Stephen King: Unprecedented Success
Life can often feel like a constant barrage of endless conflict as we struggle to overcome obstacle after obstacle in our infinite pursuit of success. Often times we become dispirited when we glimpse just how long and harrowing the road ahead of us, what with its many unprecedented twists and turns, promises to be. We give up on ourselves before we've even begun, assuming that the mere possibility of failure is the quintessential same as having already failed.
The feeling that we are hopelessly trapped in this cycle is universal. We've all been there at one point or another.
And while it's difficult to remember while we're assessing the impracticalities of our own dreams, there are those who sought their dreams against all odds and made their success a reality. The more dire and unbecoming the circumstances from which these unlikely triumphs come, the more inspired we are to face our own demons.
Quite recently, I came across an account of success from critically-acclaimed best-selling author Stephen King that completely changed my perspective on just how little affect one's life circumstances can have on their ability to accomplish greatness.
While most would agree that Stephen King's ability as a writer is nothing less than monumental, there are definitely those wouldn't hesitate to argue otherwise. Nonetheless, whether you're a fan of his work or it's really not your cup of tea, it's difficult to argue King's success. King's work has brought him dozens upon dozens of awards and nominations throughout his writing career, and his name has graced the best seller list on countless occasions.
He didn't start out that way.
On the outset, King struggled to launch his writing career.
Despite having graduated from the University of Maine with a Bachelor degree in English, King found himself not writing, but teaching at Hampden Academy (a private school in Maine) with an annual salary of a measly $6,400 with which to provide for his wife and 2 children (Naomi King and Joe King, better known now as Horns author Joe Hill-see photo 1)
He drove a second-hand piece of junk vehicle to work and back each day, returning home to their cramped trailer and his impromptu office space which his wife, Tabitha, had put together for him by cramming his desk between the washing machine and dryer. He didn't even own his own typewriter--so he borrowed his wife's. It was here, in the late hours after a long day at work that he toiled away in an attempt to bring the stories inside him to life in writing.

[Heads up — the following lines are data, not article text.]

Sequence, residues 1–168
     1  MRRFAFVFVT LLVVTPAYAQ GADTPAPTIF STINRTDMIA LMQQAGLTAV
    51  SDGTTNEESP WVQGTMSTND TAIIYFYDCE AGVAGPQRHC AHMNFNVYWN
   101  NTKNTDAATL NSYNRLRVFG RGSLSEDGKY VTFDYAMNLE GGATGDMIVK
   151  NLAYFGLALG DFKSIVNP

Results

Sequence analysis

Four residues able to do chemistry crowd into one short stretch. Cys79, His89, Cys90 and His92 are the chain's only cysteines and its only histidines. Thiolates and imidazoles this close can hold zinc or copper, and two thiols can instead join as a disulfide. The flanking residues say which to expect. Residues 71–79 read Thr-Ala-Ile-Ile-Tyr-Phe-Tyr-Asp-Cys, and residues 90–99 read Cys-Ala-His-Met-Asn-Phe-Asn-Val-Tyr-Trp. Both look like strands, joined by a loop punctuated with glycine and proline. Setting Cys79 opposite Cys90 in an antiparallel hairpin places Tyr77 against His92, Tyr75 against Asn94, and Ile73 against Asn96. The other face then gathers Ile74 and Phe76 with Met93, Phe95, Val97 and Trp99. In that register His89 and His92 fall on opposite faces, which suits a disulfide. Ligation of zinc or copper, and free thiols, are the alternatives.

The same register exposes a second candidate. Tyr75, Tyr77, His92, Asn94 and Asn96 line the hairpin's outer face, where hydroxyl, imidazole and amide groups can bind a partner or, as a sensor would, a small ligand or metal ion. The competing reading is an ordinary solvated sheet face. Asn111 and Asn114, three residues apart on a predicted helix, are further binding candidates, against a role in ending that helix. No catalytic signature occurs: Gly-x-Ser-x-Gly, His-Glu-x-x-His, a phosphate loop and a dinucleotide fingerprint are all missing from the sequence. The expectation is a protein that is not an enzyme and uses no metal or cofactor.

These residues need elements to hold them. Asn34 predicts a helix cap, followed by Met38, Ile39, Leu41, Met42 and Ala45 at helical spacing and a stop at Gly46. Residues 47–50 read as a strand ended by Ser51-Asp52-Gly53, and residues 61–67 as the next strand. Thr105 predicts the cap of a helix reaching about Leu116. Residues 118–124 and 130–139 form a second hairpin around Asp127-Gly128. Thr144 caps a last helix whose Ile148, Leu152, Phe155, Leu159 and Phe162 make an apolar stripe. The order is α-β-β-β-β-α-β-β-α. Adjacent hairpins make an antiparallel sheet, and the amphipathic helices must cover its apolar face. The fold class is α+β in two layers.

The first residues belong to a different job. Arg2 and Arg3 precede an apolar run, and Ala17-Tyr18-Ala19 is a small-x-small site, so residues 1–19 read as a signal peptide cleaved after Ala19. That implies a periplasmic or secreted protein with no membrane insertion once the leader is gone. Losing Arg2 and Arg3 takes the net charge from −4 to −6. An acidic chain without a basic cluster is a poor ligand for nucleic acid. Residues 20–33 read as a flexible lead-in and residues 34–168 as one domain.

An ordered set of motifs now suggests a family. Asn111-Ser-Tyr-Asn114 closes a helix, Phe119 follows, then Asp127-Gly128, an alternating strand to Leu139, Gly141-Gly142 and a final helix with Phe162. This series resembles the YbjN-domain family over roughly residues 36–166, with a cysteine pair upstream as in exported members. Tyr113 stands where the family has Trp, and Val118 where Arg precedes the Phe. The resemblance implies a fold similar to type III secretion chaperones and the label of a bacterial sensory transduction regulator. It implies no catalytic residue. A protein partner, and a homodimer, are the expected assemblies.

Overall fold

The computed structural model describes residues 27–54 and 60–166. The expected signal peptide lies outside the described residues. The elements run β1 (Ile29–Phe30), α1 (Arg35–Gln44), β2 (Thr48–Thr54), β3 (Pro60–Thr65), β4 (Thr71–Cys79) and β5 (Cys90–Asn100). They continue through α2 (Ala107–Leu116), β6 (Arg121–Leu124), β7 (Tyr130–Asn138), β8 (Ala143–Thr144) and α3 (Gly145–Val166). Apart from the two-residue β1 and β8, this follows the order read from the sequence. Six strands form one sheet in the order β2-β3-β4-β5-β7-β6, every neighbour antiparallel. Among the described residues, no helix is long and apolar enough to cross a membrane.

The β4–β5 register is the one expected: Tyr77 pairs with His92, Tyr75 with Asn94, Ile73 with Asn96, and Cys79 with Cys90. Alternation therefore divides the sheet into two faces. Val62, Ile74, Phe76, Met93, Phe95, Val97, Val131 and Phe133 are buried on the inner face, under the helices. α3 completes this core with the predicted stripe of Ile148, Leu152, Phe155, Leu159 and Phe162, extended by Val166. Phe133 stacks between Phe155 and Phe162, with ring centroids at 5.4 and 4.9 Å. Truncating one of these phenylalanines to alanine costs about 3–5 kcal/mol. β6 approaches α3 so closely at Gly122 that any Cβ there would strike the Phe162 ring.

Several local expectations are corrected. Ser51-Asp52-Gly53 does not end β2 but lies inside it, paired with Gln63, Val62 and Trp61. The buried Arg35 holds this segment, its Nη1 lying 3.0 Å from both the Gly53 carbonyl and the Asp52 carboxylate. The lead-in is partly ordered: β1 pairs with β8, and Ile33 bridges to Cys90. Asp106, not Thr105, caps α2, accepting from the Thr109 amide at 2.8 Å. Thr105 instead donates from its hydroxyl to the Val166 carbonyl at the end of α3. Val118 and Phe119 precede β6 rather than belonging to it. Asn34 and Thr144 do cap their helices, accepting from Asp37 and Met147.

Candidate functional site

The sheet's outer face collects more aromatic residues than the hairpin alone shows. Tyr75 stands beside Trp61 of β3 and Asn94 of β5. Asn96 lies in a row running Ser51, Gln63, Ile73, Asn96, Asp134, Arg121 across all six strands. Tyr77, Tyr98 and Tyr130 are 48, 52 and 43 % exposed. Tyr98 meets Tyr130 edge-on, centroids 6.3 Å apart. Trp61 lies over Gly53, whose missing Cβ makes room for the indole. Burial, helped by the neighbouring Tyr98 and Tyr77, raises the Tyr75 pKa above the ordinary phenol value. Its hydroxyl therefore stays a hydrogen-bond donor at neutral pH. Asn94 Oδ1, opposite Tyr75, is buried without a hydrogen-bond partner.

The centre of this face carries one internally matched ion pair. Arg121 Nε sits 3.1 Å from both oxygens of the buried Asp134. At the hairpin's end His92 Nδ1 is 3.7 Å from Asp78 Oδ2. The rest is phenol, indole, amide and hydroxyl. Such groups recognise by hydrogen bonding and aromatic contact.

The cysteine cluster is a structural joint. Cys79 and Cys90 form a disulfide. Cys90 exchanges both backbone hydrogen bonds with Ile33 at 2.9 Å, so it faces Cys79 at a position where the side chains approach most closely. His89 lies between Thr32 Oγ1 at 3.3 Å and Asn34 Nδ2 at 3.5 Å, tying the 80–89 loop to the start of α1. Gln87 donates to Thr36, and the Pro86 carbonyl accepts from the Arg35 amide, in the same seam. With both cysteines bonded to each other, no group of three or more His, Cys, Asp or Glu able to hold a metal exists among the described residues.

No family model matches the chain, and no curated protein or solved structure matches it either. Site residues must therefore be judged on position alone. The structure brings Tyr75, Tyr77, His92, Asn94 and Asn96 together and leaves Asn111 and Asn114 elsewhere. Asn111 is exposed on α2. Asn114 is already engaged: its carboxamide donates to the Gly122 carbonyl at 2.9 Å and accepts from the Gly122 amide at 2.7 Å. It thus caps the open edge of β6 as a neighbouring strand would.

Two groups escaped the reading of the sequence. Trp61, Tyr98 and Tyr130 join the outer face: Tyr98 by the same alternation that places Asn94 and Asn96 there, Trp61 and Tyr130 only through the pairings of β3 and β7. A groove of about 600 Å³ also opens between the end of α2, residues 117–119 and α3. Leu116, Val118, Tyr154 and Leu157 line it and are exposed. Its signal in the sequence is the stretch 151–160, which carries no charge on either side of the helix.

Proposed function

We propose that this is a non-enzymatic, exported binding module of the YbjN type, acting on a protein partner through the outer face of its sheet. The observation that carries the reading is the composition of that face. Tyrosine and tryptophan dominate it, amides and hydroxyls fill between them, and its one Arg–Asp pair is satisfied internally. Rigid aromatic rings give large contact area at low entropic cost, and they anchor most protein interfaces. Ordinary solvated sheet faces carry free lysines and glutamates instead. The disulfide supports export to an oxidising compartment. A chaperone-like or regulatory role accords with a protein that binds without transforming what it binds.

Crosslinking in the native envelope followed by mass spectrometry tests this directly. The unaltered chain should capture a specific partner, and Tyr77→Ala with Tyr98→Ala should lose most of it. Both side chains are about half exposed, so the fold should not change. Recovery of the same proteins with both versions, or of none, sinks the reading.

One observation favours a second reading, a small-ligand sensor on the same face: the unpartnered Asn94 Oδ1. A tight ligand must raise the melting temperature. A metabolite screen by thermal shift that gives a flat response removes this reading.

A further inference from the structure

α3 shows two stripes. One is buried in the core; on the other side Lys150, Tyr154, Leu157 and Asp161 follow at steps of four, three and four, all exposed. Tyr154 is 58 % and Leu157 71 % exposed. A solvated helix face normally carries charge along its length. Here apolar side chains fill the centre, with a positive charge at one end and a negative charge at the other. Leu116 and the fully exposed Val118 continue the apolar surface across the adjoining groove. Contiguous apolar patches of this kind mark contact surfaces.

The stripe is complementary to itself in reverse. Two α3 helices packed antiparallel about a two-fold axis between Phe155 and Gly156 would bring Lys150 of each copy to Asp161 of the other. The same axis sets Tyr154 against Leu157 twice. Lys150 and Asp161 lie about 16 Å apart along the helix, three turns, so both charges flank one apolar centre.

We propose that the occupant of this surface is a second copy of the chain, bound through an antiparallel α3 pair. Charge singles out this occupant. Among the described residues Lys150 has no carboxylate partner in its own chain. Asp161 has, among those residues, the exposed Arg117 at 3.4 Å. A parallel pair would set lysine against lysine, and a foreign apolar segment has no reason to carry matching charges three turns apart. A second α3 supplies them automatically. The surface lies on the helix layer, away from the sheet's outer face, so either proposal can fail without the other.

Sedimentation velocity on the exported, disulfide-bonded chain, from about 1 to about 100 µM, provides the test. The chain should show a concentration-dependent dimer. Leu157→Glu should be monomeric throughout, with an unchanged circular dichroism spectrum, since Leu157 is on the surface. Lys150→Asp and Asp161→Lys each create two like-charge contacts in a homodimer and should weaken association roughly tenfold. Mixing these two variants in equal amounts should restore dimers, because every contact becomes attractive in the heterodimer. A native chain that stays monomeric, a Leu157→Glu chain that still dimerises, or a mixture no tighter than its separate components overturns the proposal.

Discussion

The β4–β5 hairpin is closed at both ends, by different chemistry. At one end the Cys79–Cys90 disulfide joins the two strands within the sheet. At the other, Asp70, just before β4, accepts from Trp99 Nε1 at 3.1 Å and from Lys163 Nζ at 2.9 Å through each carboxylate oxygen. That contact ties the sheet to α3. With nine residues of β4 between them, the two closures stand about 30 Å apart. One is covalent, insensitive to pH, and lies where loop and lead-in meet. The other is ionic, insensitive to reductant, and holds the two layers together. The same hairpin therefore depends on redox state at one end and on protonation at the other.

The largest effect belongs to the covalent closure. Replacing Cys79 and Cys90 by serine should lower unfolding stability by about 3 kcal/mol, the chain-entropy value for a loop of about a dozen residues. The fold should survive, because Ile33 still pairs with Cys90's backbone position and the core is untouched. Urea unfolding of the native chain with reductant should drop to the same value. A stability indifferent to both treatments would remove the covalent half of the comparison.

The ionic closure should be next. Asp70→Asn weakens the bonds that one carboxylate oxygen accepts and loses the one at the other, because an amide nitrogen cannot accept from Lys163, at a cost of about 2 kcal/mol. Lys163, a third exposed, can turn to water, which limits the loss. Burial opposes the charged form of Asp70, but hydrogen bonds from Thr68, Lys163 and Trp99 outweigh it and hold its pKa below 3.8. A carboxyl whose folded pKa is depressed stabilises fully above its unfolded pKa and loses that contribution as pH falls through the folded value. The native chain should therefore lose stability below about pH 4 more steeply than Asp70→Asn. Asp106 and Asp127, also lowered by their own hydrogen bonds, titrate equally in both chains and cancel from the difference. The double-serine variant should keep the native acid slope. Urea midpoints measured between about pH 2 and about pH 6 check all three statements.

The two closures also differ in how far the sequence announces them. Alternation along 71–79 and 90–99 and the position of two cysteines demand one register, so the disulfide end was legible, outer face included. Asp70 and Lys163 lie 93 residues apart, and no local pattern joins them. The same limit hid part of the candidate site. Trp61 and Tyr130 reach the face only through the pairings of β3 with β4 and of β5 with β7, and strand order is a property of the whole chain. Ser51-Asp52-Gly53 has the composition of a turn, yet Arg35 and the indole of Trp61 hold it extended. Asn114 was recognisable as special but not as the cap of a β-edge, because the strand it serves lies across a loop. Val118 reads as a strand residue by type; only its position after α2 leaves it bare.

King was offered a slight raise by Hampden, but he was encouraged by his wife that it wasn't worth it if he wouldn't have even the little precious time allotted to him to work on his writing.
It was shortly after this that he wrote three pages worth of a would-be short story which he quickly dismissed as absolutely awful. His wife literally retrieved the crumpled up pages out of the garbage and read what he had written so far. Seeing some spark that King had not in his frustration, she encouraged him to continue the idea he had started, but to flesh it out into not a mere short story, but an entire novel.
Later that year, those three crumpled pages would transform into the manuscript of "Carrie (as seen in photo 2). While Carrie itself didn't garner any awards, it was King's first best seller, paving the way for such subsequent titles as The Shining, Pet Cemetery, and Christine. The book was also adapted into a movie in 1976 (as seen in photo 3), and even spawned a remake that premiered October of 2013 (as seen in photo 4).
If you really love doing something, then just do it.
Make time to work on what you’re passionate about, even if success seems unattainable. Pursue your passion, and allow those around you to inspire and encourage you. If you're courageous enough to believe in your own talent, or are happy simply doing what you do whether success is a viable part of the equation or not, then nothing else matters.
Photo 1: HornsHill, J. (2010). Horns. William Morrow. http://girltotherescue.blogspot.com/2013/11/horns-by-joe-hill.html
Photo 2: "Carrie" Book Cover King, S. (1974). Carrie. Doubleday. http://talkstephenking.blogspot.com/2013/09/carrie-covers.html
Photo 3; "Carrie" 1976 official theatrical movie poster. Monash, P. (Producer), & De Palma, B. (Director). (1976). Carrie. United States: Misher Films. http://upload.wikimedia.org/wikipedia/en/d/d7/Carrieposter.jpg
Photo 4: "Carrie" 2013 official movie poster. Misher, K. (Producer), & Peirce, K. (Director). (2013). Carrie [DVD]. United States: Misher Films. http://www.impawards.com/2013/carrie_ver2.html
Awards and Nominations. (n.d.). Retrieved May 30, 2014, from StephenKing.com website: http://stephenking.com/awards.html
Carrie(novel). (n.d.). Retrieved May 30, 2014, from Wikipedia website: http://en.wikipedia.org/wiki/Carrie_(novel)
Stephen King- Biography. (n.d.). Retrieved May 30, 2014, from Imdb website: http://www.imdb.com/name/nm0000175/bio
Reilly, L. (n.d.). How Stephen King's Wife Saved 'Carrie' and Launched His Career. Retrieved May 30, 2014, from Mentalfloss website: http://mentalfloss.com/article/53235/how-stephen-kings-wife-saved-carrie-and-launched-his-career
Olson, M. (2013, October 19). How master of horror Stephen King's wife inspired him to keep writing after saving the first three pages of Carrie from the dustbin. Retrieved May 31, 2014, from mailonline website: http://www.dailymail.co.uk/news/article-2468493/How-master-horror-Stephen-Kings-wife-inspired-writing-saving-pages-Carrie-dustbin.html